In the rapidly-evolving world of cloud computing, organizations are constantly looking for the best ways to maximize agility and minimize costs. To accomplish this, many organizations—perhaps yours included—have turned to Google Cloud Platform (GCP) in order to take advantage of Google’s comprehensive range of innovative services (i.e. big data analytics, AI, machine learning, etc.) and cost-saving opportunities.
But whether you’re already running some of workloads on GCP or have yet to decide which cloud provider makes the most sense for your organization (check out this eBook that compares services between AWS, Azure, and GCP if you’re feeling stuck), you’re bound to encounter challenges with maintaining control over all your cloud services and resource, staying ahead of security risks, and optimizing costs.
But where and how do you get started?
Understanding and managing your GCP costs
Once you’ve developed your cloud strategy and have begun migrating some of your workloads to GCP (learn more about how to develop your GCP strategy here), it’s important for you to turn your attention on understanding and managing your GCP costs. For organizations operating in GCP, although also applicable to one’s multicloud environment as well, establishing a mature cloud financial management function is crucial for driving financial accountability and ownership across teams and projects.
But where do you start? First is understanding GCP’s pricing model. Like other cloud service providers, your total cost of resources and services is dependent on a number of different factors, making your GCP bill both unique and extremely difficult to calculate. A good first step is to take a look at your current resource utilization metrics to see the amount of compute, storage, etc. your applications and services actually need to run on (notice we said actually here, having a safety barrier to make sure you’re not underprovisioned is great, but playing the safety game too well can cost you). Once you’ve got your toes wet assessing current usage patterns, think about longevity—do you know how long you’ll need to be utilizing certain compute resources? If you know in advance that you’ll be letting a workload run for some, you might be in a good place to start thinking about pricing discounts, since they usually involve some level of time commitment… which brings us to our next point.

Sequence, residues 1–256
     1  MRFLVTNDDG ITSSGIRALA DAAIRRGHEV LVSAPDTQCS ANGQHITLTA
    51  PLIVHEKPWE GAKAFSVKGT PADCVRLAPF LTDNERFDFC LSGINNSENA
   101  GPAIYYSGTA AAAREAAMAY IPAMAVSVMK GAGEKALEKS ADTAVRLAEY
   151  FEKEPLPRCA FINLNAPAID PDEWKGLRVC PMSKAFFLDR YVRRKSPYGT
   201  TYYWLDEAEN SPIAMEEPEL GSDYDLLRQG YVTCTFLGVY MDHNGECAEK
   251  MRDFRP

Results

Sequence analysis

Understanding GCP’s discount models is another area your financial management function should pay close attention to. GCP’s Sustained Use discounts (pricing discounts applied automatically to VM instances and GPUs running on On Demand pricing) and Committed Use discounts (ideal for long-term workloads with predictable resource needs), are both great cost-saving opportunities GCP customers can take advantage of—just make sure you’re aware of the difference between the two and their respective restrictions (don’t worry, we’ve got a comparison between the two types of GCP discounts here).
Optimizing your GCP infrastructure
Having visibility into your GCP environment is the foundation for a lot of the work you’ll do to grow and mature your cloud—understanding your cloud costs being one of those tasks organizations are likely to tackle first. But having granular visibility into your GCP environment also gives you the ability to easily analyze resource usage metrics, allowing you to find over/underutilized resources, which will present opportunities to improve operational efficiency, reduce waste, and optimize infrastructure costs.
Here are 7 best practices for reducing waste in your GCP environment:
- Deleted unattached persistent disks
- Delete obsolete snapshots
- Delete disassociated network IP addresses
- Terminate zombie assets
- Rightize VM instances
- Run non-production resources on a schedule
- Migrate object storage to lower cost offerings